Will Not Prime

When first started, pump will not discharge fluid after a reasonable operating time.

When a positive displacement pump with no fluid in its pumping chamber is first started, the pumping chamber contains only air. In order to fill the pumping chamber with fluid (prime) so that it can generate pressure, it must be able to "pump" enough air to create a partial vacuum in the chamber. This reduced pressure permits the atmospheric pressure in the fluid reservoir to force the fluid into the chamber and permit fluid pumping to start.

If the fluid supply is located "above" the pump inlet, then there is a positive pressure due to the weight of fluid (positive suction head) that makes priming easier. If the fluid supply is "below" the pump inlet (negative suction head), then enough air must be evacuated from the pumping chamber to overcome the weight of the fluid and "raise" it to the level of the inlet to the pump.

Plunger pumps are not very efficient as a "vacuum pump", especially the higher ratio pumps that have a relatively small displacement compared to their actual chamber volume. For this reason, the outlet pressure should always be "atmospheric" (unblocked) when priming. Any resistance downstream will make "air pumping" difficult or impossible, thus preventing proper priming of the pump.

The following items should be checked to verify the cause of not priming. The order given is a logical progression that will minimize dis-assembly and/or testing.

a. Check to verify that the outlet of the pump is unrestricted. It is usually a good idea to have a valve that is located downstream of the outlet that is connected back to the supply tank. This valve can be opened during startup, and closed when the pump has achieved prime.

b. Check fluid level in the tank to make sure that it adequately covers the suction tube. Also, if the supply is located "below" the inlet, verify that the distance is not too great for the available suction on the pump. Each two feet of distance requires about 1 psi of vacuum in the pumping chamber in order to prime the pump. Since the vacuum capability is very limited, keep the distance to a minimum.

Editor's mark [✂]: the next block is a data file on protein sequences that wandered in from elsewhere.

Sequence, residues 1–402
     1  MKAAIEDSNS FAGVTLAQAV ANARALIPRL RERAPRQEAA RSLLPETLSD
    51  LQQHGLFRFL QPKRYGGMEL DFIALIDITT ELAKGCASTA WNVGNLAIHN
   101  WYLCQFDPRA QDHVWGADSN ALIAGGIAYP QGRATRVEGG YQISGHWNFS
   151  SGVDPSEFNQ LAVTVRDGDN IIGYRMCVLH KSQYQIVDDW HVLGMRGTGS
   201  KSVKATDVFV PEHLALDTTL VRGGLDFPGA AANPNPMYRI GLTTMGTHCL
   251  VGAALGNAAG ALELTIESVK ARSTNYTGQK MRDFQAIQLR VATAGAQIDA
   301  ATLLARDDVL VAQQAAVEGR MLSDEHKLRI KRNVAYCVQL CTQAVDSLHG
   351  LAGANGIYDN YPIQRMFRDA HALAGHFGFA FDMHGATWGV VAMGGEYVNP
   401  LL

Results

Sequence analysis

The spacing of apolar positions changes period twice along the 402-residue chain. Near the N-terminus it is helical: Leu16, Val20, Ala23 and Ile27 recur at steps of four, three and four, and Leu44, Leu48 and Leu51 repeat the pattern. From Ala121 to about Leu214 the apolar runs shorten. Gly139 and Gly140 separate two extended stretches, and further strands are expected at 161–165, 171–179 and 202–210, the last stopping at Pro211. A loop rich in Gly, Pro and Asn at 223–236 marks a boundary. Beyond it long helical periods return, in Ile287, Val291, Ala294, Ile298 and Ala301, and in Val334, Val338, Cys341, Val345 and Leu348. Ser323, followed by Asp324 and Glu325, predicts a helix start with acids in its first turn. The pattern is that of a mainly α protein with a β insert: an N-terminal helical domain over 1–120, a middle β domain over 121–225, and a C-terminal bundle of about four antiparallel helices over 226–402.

c. Verify that there is no closed valve in the suction line between the tank and the pump inlet.

d. A small air leakage at any connection in the suction line can permit enough air to enter so it would be impossible to pull an adequate vacuum for priming. Verify all connections are properly fastened and sealed.

e. Leakage of either the inlet or the outlet check valves can prevent the pump from priming, since it will make it even more difficult to provide the necessary vacuum. Check for any contamination or damage to the check valves after all the above items have been eliminated.

f. Providing a small positive pressure to the air space (ullage) at the top of the fluid tank will also help achieve prime, if the tank is designed with that capability.

g. For extremely high ratio pumps (300 ratio and higher), it is suggested that a lower ratio pump be used to supercharge the inlet to assist in priming. This will also minimize cavitation effects if the fluid supply must be located a significant distance below the pump inlet.